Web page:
“I think you just have to take the initiative by telling them you are worried about distancing and shaking hands, by showing them in one way or another.

“People tend not to take it seriously but if you take the initiative people respond quickly too.”

Wearing masks and minimizing close contact with others will avoid not only the spread of COVID-19 but plenty of other harmful diseases too.

In New Zealand, cases of the flu have dropped radically in the wake of a six week strict lockdown and various levels of social distancing and mask wearing requirements throughout the course of the year. 

Last month, Professor Michael Baker said the country’s COVID-19 response has nearly extinguished influenza, with a 99.8 reduction in cases this year. 

Papalii said his clinic, by contrast, is full of flu cases, and he understands the hospital is seeing plenty too.

“It tells me that people are still not very serious with the flu, they think it’s an ordinary, harmless disease,” he said.

“They don’t realise that flu can have very serious consequences.”

He urged people to take it seriously when they get ill and to stay home to rest, take in fluids and any other medication prescribed by their doctor.

Rest will help rebuild the immune system to help fight the flu, he said. 

Letter to the Editor: 

After weeks and months of worrying, in the event of Covid-19 reaching Samoa, the pessimism it might somehow, somewhere slip through, I have decided to go public with my personal concern.

First, I congratulate the Government (Cabinet) N.E.O.C, M.O.H, other Government Ministries, Overseas Partners and Volunteer organisations for the tremendous efforts in the establishment of the contingency plans including preventative, preparedness (resources and execution), response (including repatriation) and recovery. I imagine millions of dollars and sleepless nights have been put in by the authorities and personnel involved, and we have done very well so far.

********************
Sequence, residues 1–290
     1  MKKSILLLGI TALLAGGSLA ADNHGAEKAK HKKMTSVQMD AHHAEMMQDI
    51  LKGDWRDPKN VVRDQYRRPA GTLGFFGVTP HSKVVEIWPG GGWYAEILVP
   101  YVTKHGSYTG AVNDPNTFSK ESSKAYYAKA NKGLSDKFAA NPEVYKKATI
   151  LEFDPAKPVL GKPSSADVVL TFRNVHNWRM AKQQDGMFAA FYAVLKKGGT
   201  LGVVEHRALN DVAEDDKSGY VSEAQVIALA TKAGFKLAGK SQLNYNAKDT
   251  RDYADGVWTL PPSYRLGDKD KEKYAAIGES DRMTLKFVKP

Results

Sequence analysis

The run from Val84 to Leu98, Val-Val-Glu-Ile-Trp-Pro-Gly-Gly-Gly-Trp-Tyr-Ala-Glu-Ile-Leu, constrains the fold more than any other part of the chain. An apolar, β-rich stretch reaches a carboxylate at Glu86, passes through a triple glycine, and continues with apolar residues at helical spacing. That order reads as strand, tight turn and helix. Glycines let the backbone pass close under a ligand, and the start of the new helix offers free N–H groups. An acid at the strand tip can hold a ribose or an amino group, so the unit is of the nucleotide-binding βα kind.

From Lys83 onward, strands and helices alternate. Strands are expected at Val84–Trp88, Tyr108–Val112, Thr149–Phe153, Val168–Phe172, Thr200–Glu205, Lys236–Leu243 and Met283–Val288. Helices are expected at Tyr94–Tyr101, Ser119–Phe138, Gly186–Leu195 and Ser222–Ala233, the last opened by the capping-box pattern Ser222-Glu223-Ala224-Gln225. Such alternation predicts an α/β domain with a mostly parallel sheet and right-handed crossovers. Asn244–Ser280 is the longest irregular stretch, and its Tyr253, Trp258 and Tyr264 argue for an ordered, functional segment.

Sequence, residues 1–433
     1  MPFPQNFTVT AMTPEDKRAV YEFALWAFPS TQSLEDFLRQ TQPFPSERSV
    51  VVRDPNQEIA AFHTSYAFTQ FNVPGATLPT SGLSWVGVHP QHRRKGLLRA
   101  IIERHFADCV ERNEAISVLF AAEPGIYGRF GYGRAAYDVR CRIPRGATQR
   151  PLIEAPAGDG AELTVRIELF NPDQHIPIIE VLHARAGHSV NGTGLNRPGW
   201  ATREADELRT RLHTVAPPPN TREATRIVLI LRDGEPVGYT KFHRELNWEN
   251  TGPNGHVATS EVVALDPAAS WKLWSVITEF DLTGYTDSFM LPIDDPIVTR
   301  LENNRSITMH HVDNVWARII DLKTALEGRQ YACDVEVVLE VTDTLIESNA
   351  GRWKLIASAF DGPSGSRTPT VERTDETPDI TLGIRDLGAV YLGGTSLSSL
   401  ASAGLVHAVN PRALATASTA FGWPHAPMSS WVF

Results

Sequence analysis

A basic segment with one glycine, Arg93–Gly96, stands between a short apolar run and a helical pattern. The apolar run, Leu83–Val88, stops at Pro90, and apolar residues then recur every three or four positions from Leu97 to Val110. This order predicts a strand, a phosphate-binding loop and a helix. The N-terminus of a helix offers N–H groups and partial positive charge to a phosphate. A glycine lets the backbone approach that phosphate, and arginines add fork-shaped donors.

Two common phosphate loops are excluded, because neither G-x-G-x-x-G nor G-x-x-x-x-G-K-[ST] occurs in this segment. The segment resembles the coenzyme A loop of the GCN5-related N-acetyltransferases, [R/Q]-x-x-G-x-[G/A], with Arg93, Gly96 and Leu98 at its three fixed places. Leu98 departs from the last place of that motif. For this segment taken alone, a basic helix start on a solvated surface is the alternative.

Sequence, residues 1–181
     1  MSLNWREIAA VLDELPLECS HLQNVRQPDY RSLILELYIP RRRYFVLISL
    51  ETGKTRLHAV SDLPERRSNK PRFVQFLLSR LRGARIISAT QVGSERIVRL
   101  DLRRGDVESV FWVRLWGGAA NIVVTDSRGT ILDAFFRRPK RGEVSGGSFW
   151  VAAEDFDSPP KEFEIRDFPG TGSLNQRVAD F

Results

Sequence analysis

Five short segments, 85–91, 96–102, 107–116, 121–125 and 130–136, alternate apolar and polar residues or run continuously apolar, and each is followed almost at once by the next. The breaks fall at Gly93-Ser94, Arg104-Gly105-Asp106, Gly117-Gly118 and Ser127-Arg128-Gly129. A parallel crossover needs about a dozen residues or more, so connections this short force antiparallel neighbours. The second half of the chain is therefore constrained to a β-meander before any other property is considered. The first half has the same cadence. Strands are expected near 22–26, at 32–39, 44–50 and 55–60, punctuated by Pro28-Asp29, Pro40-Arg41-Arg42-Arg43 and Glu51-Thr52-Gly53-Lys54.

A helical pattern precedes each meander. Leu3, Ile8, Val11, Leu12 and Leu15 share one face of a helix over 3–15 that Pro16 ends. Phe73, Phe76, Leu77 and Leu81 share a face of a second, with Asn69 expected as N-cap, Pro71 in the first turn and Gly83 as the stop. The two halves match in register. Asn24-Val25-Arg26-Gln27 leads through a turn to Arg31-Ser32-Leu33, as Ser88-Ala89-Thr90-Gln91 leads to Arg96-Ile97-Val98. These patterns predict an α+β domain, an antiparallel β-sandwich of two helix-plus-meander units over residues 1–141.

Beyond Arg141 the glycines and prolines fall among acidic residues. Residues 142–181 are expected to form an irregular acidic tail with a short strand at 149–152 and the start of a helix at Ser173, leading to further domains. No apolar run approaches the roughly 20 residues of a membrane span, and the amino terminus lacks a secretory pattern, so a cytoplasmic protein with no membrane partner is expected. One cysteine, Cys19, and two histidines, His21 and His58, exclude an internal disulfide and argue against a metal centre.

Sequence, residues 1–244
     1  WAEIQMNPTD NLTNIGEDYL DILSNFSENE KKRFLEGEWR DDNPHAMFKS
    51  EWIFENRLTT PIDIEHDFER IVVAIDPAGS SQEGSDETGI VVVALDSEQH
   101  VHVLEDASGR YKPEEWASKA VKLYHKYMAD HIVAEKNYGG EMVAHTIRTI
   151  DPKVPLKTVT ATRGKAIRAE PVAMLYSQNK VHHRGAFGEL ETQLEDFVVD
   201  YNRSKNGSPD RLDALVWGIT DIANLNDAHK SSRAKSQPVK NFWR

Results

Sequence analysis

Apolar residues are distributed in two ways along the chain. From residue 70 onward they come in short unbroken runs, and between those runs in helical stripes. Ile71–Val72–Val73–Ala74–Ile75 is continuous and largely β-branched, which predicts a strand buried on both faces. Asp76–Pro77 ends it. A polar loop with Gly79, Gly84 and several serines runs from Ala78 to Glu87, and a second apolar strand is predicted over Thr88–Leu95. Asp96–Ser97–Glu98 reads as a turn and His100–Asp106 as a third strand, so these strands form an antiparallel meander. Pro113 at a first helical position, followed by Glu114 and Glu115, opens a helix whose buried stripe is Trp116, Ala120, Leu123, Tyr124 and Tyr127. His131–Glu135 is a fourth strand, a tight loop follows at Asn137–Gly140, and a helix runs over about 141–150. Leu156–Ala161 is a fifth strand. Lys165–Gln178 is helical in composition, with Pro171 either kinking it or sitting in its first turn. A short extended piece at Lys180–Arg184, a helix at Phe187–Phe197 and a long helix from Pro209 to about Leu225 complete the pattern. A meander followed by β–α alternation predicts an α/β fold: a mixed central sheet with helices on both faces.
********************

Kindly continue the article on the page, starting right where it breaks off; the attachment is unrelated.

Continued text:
However, it is sad seeing that our people in general have become somehow too complacent and not respecting the simple advices given by the above-mentioned authorities, day in and day out.

I see few masks, and no social distancing, lots of hand shaking and kissing on the streets, overcrowded banks, money transfers, supermarkets, buses, ferries, social gatherings, schools, churches, funerals, night clubs, hospitals and etcetera. It is in this context that I humbly appeal to our people to be mindful of the fact that we are such a small population with limited resources and facilities with very few doctors, nurses and other health allies.

Our private clinics are overcrowded with flu-illnesses and other sicknesses, an indication of how overcrowded our public hospitals are too.

Imagine what it will look like if we eventually have Covid-19 we might all go.

Let us stand together as people, Samoa, and protect ourselves and our generations to come, by setting examples of PREVENTION IS BETTER THAN CURE or NO PEOPLE NO ECONOMY!

God bless Samoa

Papalii Dr Samuelu Petaia